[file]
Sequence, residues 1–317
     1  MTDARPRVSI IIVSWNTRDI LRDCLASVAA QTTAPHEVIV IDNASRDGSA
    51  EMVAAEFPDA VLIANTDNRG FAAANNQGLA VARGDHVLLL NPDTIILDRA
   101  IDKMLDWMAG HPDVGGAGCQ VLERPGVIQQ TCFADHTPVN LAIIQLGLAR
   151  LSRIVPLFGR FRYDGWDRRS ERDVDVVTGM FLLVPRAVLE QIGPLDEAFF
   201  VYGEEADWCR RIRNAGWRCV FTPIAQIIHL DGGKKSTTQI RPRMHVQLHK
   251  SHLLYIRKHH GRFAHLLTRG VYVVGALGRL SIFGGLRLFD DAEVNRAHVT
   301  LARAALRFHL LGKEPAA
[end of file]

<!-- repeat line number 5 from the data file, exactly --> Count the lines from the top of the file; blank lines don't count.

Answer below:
   151  LSRIVPLFGR FRYDGWDRRS ERDVDVVTGM FLLVPRAVLE QIGPLDEAFF